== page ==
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What Spurs and Liverpool have in common could change this season

In the Premier League era, Tottenham Hotspur and Liverpool are always the bridesmaids, never the bride. Since the league’s inception only Arsenal, Blackburn Rovers, Chelsea, Manchester City and Manchester United have taken the crown.

Amazingly, 18 time winners of the top flight Liverpool have only managed to achieve the runners-up spot and Spurs have previously been satisfied with Champions League qualification. That could all be about to change.

Liverpool have been victim of false dawns before, most recently under Brendan Rodgers when a Steven Gerrard slip saw their title challenge fail at the final hurdle. In a short space of time the Northern Irishman went from manager of the year in the eyes of Kopites to a gleaming toothed waster of money.

Despite allowing Rodgers to strengthen his version of the squad in the summer, Fenway Sports Group decided to cut their loses early into this season. It’s a sign of the cruel times we live in but not many supporters were asking for him to be retained. In all fairness to the board they didn’t replace him for coach with an equal reputation or credentials.

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Carlo Ancelotti aside, the Anfield club managed to secure the services of the best available manager in club football. In Jurgen Klopp they found an upgrade. This didn’t lead to a period of immediate short-term optimism. Fans and observers alike agreed it would take time to implement his methods and root out the weaker members of his squad.

That cautionary air was removed last weekend when they walked over Manchester City at the Etihad. Klopp’s team inflicted City’s heaviest home defeat since they left Maine Road and made them appear a class below.

One match alone wouldn’t usually give rise to immediate title talk but this is a strange year and they are helped by the teams around them.

The reigning champions have all but disappeared. Chelsea’s return to form has yet to occur, with each passing week their target changes from retaining the title to qualifying for Europe. Arsenal are showing all the reasons why the they haven’t mounted a serious challenge in years. Whenever they look like they’ve turned a corner, points get dropped in places they shouldn’t.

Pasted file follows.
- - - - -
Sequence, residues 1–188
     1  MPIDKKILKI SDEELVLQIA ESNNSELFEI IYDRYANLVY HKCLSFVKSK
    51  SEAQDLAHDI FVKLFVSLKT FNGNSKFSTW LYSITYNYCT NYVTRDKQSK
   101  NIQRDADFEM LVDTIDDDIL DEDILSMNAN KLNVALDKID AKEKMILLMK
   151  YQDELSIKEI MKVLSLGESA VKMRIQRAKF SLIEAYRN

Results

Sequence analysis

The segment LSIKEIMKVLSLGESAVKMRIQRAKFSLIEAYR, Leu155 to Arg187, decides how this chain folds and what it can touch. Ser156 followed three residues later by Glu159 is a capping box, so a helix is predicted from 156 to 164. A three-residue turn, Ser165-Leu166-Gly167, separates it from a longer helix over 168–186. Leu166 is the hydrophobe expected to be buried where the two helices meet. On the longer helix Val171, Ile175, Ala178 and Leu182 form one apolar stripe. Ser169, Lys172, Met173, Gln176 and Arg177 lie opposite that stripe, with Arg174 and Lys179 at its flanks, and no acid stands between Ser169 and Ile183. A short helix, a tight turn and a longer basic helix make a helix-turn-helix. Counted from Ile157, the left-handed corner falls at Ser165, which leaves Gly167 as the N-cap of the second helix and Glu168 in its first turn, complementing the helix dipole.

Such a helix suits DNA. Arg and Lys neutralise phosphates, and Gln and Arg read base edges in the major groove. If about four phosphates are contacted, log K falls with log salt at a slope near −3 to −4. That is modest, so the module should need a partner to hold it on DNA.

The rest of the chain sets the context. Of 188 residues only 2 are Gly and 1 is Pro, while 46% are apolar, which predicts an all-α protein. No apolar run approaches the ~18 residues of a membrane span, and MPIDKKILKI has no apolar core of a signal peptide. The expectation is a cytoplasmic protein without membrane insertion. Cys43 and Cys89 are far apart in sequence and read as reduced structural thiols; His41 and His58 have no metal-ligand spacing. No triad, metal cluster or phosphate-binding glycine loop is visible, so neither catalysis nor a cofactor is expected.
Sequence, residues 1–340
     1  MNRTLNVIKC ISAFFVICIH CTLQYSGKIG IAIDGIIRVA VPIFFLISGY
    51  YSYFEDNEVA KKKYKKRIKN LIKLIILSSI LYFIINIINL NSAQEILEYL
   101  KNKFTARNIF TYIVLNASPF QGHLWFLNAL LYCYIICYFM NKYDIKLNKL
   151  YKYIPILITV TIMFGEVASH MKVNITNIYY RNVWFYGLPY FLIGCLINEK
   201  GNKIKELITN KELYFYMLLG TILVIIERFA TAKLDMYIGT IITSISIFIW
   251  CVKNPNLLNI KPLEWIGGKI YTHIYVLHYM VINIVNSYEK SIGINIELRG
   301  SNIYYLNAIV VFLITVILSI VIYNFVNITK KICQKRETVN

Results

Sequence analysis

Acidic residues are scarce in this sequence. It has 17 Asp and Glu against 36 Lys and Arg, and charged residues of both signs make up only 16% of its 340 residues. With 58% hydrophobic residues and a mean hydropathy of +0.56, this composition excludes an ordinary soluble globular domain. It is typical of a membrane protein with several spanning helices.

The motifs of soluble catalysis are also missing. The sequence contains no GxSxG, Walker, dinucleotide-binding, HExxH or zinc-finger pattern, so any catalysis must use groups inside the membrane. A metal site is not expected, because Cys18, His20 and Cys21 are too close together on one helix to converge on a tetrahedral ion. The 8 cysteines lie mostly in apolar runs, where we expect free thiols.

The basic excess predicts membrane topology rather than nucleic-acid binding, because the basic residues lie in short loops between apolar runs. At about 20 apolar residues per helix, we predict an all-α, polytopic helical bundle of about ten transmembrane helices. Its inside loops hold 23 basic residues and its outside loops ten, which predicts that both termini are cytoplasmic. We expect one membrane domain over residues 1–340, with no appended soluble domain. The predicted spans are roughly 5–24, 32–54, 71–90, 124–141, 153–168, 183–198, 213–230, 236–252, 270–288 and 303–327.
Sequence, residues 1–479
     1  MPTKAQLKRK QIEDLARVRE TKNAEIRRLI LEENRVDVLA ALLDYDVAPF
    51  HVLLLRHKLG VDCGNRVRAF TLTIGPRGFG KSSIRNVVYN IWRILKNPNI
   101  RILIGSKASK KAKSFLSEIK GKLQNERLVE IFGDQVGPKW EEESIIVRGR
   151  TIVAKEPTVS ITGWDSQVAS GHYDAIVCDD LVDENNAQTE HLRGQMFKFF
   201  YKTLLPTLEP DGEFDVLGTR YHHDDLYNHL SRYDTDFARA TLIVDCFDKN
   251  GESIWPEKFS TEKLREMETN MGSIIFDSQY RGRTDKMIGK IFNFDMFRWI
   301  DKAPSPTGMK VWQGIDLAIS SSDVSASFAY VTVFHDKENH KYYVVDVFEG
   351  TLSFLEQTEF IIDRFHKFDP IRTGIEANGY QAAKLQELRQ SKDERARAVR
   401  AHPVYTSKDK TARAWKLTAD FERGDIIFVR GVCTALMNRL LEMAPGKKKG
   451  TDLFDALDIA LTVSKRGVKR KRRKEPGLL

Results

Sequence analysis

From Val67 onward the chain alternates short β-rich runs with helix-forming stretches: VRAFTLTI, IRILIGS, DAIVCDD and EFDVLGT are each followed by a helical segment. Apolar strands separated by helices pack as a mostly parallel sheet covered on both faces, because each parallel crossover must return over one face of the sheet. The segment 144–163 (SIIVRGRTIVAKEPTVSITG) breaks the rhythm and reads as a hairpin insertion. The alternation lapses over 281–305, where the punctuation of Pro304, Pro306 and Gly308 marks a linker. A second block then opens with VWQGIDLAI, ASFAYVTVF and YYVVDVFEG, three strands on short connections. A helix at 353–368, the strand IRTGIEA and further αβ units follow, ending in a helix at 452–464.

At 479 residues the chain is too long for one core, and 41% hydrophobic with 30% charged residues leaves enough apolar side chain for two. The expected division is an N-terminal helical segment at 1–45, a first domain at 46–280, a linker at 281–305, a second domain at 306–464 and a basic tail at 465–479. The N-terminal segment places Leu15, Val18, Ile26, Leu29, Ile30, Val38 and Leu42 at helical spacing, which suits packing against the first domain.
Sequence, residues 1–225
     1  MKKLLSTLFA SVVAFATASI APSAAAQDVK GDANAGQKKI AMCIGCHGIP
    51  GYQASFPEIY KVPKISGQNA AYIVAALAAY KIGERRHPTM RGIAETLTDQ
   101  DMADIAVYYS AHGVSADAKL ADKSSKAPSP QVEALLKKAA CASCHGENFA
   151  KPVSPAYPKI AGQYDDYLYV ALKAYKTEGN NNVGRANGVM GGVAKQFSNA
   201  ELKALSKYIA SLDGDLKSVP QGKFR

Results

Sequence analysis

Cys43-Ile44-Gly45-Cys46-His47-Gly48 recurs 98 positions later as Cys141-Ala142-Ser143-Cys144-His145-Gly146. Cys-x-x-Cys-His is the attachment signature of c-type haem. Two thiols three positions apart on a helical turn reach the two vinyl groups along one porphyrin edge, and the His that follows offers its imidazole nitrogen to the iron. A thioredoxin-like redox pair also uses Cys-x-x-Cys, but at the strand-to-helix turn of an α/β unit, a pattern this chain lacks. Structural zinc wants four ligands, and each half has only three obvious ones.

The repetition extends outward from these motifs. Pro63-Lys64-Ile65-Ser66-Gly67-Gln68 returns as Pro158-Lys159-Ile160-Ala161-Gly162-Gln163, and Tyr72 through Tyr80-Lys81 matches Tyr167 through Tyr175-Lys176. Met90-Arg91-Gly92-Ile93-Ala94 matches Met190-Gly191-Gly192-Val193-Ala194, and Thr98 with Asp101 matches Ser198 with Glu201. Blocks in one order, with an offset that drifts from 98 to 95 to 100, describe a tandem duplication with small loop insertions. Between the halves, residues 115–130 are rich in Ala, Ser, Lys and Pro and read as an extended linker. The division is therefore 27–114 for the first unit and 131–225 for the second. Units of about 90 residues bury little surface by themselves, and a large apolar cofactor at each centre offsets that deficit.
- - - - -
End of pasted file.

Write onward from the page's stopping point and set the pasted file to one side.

Manchester United are lacking a spark which places question marks over their ability to go the distance. They are managing to satisfy an old football cliché of collecting points when not playing particularly well, the problem is there’s little sign they will start to play better at any point.

The team that could have ran away with it by now, Manchester City, have been grounded by their own ineptitude. A combination of indifferent performances from their players, injuries, and concerns Pellegrini can’t motivate his dressing or formulate a Plan B, leaves them in danger of becoming the new Arsenal.

What goes against Liverpool capitalising on all of this is how they are still fresh under Klopp. There are bound to be hurdles that will catch them by surprise and after the honeymoon period a phase of levelling out may follow. A team not bound by this are Mauricio Pochettino’s Tottenham.

They have been under the radar all season, even after beating Manchester City 4-1 themselves. The talk was always how they should manage to finish top four if teams, like Chelsea, have weak seasons. It’s been their ability to underwhelm whilst remaining methodical that has allowed them to arrive in the hot-seat without pressure.

The have gone 12 league games without losing after an unlucky opening day fixture at Old Trafford. They had every right to feel aggrieved after returning home empty handed that day. Perhaps the two draws that followed helped divert attention away from their ability.

It took their second 4-1 victory of the campaign to bring them back into focus. They are the side least likely to lose at this moment in time. Pochettino has answered his doubters in the best possible way: by keeping his head down and getting results.

This isn’t the best Spurs squad the Premier League has seen but it’s solid and is best placed to benefit from the floundering form of those that will be expecting to finish above them. They are long overdue a title win, the last came in 1961.

For Spurs and Liverpool this season has presented a real opportunity to join the list of Premier League champions. Of course, all this depends on current league leaders Leicester City going through a bad patch.

Article title: What Spurs and Liverpool have in common could change this season

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